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Saving Fallingwater

11/11/2020

What was intended to be a weekend retreat for a wealthy Pittsburgh department store magnate and his family, "Fallingwater" now stands as one of the most iconic tributes to architect Frank Lloyd Wright. Molybdenum-alloyed Type 316L stainless steel plays a small but crucial role in preserving one of the greatest buildings of all time.


© iStockphoto.com/Supercel7

As Frank Lloyd Wright's most famous creation, Fallingwater welcomes tens of thousands of visitors each year. In 2015 alone, over 167,000 people travelled to the Laurel Highlands of rural southwestern Pennsylvania to see the legendary home. Fallingwater is defined by its relationship with the waterfall that traverses the property and spills out from beneath the living room. Wright famously told the Kaufmann's, the family who lived at Fallingwater, that "I want you to live with the waterfall, not just look at it, but for it to become an integral part of your lives". Yet, the idea to design a home physically integrated with its natural surroundings was not without structural challenges. By the 2000's key elements of Fallingwater were at risk of being lost forever. As part of an extensive restoration effort, Type 316L stainless steel was used in the famous staircase that leads from the living room into the river.

On the precipice of disaster
Although Fallingwater is an architectural marvel, reinforced concrete design and placement issues coupled with gravity, caused serious structural problems from the outset. A month after the Kaufmanns took up residence, deflection and cracking of the cantilevered portions of the house occurred. The second-floor master terrace contained the largest fissures. Engineers began monitoring and documenting the downward deflection of the cantilevered terraces.

An extensive computer analysis by Robert Silman Associates in 1996 confirmed that Fallingwater's terraces had continued to deflect or sag – one of them nearly 18 centimetres from its original position. These findings lead to a massive restoration effort, headed by Silman's engineering firm, to save the masterpiece before it collapsed upon itself into the Bear Run. After extensive evaluation, a system of steel cables or tendons was installed to relieve pressure on both the concrete and the existing steel reinforcement to check the sagging terraces.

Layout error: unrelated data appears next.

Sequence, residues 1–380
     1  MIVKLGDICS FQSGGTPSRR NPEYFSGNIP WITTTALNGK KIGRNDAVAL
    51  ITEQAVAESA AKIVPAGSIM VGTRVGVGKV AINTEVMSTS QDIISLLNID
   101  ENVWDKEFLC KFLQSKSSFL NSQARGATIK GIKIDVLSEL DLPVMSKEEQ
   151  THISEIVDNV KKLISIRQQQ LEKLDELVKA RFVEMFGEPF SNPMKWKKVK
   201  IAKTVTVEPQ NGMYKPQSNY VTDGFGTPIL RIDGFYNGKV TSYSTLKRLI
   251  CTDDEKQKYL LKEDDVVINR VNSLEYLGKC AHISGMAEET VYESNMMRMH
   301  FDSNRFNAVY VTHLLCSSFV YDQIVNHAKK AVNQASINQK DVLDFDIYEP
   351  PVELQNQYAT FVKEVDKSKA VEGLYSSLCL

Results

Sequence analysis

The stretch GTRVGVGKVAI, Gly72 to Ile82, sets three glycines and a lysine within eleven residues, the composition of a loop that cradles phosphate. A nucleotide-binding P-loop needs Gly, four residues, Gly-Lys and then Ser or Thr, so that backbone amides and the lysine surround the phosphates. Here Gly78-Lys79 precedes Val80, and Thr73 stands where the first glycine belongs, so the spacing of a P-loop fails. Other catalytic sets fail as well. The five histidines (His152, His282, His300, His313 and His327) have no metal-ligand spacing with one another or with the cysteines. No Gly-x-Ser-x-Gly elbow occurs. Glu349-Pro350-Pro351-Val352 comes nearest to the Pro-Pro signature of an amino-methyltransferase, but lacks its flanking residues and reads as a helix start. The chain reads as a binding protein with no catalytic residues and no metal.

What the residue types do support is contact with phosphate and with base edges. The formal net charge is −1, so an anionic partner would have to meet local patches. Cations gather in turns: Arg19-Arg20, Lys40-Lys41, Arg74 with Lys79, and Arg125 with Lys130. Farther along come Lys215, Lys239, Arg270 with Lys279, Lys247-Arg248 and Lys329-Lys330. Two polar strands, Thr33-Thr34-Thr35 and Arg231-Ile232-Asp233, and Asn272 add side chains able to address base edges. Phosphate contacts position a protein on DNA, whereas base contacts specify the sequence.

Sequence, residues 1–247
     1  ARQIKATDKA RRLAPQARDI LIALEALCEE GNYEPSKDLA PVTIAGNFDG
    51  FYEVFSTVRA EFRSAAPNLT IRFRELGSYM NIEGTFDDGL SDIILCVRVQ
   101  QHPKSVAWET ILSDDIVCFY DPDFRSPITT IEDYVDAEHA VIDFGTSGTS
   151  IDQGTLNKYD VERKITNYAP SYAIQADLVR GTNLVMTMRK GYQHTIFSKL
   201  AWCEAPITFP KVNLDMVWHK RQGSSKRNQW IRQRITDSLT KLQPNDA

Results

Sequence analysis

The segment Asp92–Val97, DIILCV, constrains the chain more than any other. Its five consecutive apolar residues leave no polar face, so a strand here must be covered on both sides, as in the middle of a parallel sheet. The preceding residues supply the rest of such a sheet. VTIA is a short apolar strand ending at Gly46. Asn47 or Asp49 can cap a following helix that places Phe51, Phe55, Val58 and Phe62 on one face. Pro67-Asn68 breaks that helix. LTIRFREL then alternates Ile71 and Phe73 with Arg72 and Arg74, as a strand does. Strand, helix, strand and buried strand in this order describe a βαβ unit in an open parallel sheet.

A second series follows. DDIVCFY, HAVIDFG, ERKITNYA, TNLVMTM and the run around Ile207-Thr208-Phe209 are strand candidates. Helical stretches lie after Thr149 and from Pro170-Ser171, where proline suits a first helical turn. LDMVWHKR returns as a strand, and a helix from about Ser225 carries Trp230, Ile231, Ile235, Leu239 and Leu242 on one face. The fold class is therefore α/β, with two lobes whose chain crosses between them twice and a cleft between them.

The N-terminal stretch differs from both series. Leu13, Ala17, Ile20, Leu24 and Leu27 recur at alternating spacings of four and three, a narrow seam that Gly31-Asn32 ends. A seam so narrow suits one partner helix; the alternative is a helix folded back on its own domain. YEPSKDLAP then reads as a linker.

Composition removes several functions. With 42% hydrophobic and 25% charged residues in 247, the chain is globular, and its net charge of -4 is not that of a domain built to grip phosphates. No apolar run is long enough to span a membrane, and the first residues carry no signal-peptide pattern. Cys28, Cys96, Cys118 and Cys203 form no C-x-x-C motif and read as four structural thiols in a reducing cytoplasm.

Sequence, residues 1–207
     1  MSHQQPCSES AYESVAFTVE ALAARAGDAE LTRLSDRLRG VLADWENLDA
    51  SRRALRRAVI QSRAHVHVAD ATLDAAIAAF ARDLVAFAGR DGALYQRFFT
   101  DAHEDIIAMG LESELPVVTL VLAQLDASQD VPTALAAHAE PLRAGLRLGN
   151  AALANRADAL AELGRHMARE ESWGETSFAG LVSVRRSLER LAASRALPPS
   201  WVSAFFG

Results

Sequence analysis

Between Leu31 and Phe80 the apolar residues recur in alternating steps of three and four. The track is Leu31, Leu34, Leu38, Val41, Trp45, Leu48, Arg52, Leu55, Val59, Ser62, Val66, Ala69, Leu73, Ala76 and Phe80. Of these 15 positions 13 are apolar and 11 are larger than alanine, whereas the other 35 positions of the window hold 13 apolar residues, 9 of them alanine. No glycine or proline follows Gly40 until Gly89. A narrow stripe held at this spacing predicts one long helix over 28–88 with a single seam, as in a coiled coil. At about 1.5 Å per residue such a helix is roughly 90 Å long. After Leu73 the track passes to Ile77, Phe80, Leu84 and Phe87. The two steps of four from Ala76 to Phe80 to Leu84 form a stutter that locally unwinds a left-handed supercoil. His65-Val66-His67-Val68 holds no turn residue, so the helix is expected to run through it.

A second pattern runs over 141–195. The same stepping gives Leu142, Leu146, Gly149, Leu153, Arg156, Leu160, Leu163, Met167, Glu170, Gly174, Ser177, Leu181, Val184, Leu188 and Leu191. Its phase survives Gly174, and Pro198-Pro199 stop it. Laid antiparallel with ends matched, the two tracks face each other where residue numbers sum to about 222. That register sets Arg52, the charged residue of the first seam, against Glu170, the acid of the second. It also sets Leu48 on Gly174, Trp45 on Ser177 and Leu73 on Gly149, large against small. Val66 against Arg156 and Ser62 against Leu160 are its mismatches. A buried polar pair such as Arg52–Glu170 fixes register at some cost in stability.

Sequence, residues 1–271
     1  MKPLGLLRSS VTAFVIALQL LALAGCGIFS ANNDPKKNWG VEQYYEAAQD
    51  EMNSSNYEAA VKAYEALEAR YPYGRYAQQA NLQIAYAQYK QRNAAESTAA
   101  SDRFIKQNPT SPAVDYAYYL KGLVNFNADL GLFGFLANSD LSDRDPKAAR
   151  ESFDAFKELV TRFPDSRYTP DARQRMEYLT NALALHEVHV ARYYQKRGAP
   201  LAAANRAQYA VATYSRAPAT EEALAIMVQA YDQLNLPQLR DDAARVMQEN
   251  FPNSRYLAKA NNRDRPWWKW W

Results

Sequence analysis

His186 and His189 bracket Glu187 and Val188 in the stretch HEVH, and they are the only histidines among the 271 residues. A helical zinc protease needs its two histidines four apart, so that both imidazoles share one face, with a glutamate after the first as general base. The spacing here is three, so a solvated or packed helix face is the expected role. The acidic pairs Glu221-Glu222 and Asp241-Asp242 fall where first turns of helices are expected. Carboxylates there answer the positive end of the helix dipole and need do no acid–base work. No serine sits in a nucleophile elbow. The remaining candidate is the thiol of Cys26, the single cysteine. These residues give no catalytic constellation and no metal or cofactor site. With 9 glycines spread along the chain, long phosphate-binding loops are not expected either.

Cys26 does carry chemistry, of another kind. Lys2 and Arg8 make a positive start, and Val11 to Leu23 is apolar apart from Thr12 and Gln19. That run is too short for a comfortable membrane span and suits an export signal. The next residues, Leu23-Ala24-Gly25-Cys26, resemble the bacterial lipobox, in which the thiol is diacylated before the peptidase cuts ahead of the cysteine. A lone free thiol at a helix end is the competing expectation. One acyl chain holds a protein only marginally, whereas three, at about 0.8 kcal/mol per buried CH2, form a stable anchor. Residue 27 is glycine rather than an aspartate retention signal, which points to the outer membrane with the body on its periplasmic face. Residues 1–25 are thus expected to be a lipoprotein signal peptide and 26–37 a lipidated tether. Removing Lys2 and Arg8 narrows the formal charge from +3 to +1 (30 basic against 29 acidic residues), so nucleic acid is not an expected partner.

Stairway to the waterfall
A unique feature of Fallingwater is a stairway leading from the living room to the head of the falls. It offers easy access to the stream and a plunge pool while providing ventilation for the home when the hatch cover is open. The original design indicated that the stair treads and landing were to be suspended from the east terrace using steel hangers. However, early pictures document that, in addition to the tread hangers, larger vertical steel members connected the bottom of the east terrace with the riverbed at the landing of the stairs. Over time the steel members have gradually become more substantial, as more vertical structural support was needed for the sagging terrace.

The mild carbon steel used in the original tread hangers of the "hatch" stairs corroded over years of exposure to the moist environment. At times, the staircase would become partially submerged during flood conditions. It also acted as a trap for flotsam and jetsam, adding additional stress to the steel supports. At one point, during a violent storm in the 1960's, the staircase was torn from the structure and had to be replaced.

To prevent the future weakening of the structure from corrosion and the forces of debris-filled storm water, restoration architects replaced the stair hangers and the reinforcement within the concrete treads and landing with molybdenum-alloyed Type 316L stainless steel. The same stainless steel was also chosen for the replacement of the structural columns at the landing that support the east terrace, which can be submerged into the stream after heavy rains. An additional benefit of this alloy is its impact resistance to flooding debris. A specifically formulated "Cherokee Red" paint that Wight claimed reflected both the color of iron ore and the fiery process used in steel-making was applied to blend the new stairs with the existing construction.

The legend lives on
With all its faults, Fallingwater stands as one of the most remarkable architectural achievements of the 20th Century. Molybdenum-alloyed stainless steel plays an important role in maintaining both the beauty and structural integrity of this priceless building.

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